I've been gaming since the early 80s and am decently competent. So my reloads are very often more about UI limitations, game (or mod) bugs, and my enjoyment of experimentation and exploration (game-world and dialogue). Checkpoints are fine so that people who do not want to be bothered with an out-of-game concept can ignore saving …as long as I ALSO have the choice to save anywhere (and the load continues from that point and not just from the last checkpoint). Some people find save-anywhere damaging because they abuse it. Well DON'T ABUSE IT. It's cheating. I personally have no problems with SP cheating. But don't complain the game is too easy or not engaging if you cheat. If you abuse the system, you better be prepared for the consequences. If you enjoy the game more because of it, well kudos.

I appreciate that you don't consider the save system to be a major factor when considering cross-platform games. But to me it's _at_least_ as important as anything else Mr. Francis explores in his article.
Guhndahb is offline

Guhndahb

Guhndahb's Avatar
Sentinel

#8

Join Date: Oct 2006
Posts: 319

Default 

May 8th, 2011, 08:59
Hmm, I expect the controls issue to be fixed - but I don't like what he's saying about "very blurry textures".

I can only hope they'll improve those for the PC release version, or I'd be a bit disappointed here.
DArtagnan is offline

DArtagnan

DArtagnan's Avatar
Waste of potential

#9

Join Date: Oct 2006
Location: Denmark
Posts: 13,806

Default 

May 8th, 2011, 09:15

Checkpoint systems punish you for exploring and taking risks. I like to experiment - try things that perhaps the developer didn't intend, or simply explore a world for the sake of exploring.
I go along with what you write as I am neither in control of the time I allocate to game.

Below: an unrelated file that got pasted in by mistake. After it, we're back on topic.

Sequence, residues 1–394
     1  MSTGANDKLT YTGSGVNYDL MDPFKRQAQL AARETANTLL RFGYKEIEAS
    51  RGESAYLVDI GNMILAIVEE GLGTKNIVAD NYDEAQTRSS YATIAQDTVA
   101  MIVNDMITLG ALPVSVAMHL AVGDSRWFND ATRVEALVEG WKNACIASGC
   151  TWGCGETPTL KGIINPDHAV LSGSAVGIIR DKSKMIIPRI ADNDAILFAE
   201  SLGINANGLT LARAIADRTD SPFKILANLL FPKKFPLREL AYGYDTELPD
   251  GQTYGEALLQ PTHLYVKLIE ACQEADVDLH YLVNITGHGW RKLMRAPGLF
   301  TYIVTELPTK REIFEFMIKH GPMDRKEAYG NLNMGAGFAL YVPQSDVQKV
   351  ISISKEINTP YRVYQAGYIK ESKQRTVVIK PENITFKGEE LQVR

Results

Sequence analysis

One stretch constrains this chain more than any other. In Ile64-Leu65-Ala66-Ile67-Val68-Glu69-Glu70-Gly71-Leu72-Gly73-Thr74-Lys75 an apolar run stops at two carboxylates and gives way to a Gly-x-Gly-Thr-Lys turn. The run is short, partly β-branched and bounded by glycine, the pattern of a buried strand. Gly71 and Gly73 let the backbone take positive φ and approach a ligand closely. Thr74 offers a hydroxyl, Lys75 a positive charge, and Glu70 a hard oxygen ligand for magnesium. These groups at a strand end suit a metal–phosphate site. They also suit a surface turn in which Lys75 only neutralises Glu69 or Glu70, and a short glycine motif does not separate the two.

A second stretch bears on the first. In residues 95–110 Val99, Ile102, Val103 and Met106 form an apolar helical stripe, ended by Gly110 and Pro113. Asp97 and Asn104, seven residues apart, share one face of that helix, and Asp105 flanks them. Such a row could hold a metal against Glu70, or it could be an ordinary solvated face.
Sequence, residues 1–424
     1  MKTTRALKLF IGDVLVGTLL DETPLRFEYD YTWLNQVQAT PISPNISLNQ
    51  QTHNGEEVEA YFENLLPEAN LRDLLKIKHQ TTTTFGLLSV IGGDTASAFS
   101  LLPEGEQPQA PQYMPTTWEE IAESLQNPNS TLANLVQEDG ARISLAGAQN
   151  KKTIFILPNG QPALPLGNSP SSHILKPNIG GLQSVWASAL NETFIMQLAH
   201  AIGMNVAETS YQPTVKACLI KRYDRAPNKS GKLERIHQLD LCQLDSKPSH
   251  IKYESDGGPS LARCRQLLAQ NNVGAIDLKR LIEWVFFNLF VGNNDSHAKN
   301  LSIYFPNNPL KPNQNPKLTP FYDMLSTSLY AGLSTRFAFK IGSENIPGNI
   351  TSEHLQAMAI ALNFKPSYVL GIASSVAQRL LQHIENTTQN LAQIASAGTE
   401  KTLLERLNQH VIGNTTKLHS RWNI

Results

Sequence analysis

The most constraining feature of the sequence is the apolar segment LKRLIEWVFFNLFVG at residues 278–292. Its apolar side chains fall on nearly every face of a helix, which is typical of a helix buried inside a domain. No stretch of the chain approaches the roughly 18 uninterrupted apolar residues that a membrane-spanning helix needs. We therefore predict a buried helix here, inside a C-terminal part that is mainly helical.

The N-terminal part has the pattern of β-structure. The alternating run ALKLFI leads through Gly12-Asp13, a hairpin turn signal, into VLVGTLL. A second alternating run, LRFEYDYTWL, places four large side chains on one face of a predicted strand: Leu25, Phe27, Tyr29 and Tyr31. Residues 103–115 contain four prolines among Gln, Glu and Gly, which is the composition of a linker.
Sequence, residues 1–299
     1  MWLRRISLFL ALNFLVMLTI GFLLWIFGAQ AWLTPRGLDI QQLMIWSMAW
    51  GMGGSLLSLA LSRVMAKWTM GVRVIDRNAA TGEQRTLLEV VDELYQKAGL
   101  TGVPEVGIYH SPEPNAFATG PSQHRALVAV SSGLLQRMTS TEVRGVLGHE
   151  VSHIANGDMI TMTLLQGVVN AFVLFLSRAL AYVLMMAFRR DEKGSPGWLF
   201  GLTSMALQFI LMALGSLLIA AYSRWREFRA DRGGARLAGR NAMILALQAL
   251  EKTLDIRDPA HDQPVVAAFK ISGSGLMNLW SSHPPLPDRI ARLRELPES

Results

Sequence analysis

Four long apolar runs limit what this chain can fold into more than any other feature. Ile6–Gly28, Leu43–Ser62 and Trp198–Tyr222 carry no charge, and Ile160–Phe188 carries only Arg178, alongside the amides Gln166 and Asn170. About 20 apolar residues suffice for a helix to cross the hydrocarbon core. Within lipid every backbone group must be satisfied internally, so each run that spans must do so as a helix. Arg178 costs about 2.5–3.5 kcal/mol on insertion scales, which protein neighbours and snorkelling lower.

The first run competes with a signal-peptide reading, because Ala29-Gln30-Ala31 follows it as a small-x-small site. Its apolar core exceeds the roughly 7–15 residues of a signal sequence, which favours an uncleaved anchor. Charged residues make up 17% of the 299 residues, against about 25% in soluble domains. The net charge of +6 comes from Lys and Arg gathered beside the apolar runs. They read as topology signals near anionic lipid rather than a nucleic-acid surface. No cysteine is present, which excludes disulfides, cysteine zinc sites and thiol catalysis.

This said, two things: some people can discipline themselves into adopting a style of play that support a gaming effect. Others need a rigid structure to allow the same effect to exist. You save a lot but do not reload often. Others are unable to do that and load anytime something goes wrong or to try to get the best of every situation. This changes totally the perspective on how to get an effect to take place into a game. Withdrawing the possibility to save often forces the effect into the game, effect you might not have without that constraint.

The second thing is that exploration must be a risk, it must come with risks attached to it.

And once again, if developpers want to get a risk associated feature, considering all the other design decisions they made, saves on checkpoints are the solutions.

In exploration, risks appear essentially when the point of no return is reached, with the player being caught in a between, not enough resources to move back and maybe not enough resources to move on.

Points of no return can be thought globally. In a dungeon, entrance is A and B the exit. When the points of no return are thought globally to go from A to B, the number of saves change little to the deal as most is decided at start, at A.
If you are well prepared at the entrance of the dungeon, you might go through it.

And eventually, you might face the same punishement, being led to replay from save at the entrance or close to the entrance, either to adopt another route to the exit (changing the exploration deal) or to move back and prepare better.

Now with all the design decisions made on resources management, thinking points of no return globally has grown inappropriate. As resources no longer dwindle all along the path from A to B but go through spikes, moving from hight to low back to high, being regularly replenished along the way, the point of no return can no longer be conceived other a long path.
It is achieved by cutting the A to B path into little segments during which your resources are likely to lack, as the game has to be beat the replenishing rate.

Both configurations are here to associate risk to exploration as it must be. But considering the developpment in other areas, check points saves are the solution to adopt.

All this to say that the options taken by developpers determine the availability of saves so dont expect otherwise.
ChienAboyeur is offline

ChienAboyeur

SasqWatch

#10

Join Date: Mar 2011
Posts: 2,005

Default 

May 8th, 2011, 09:18
All I can say is if there's a checkpoint load/save system in DE3 - I'm out.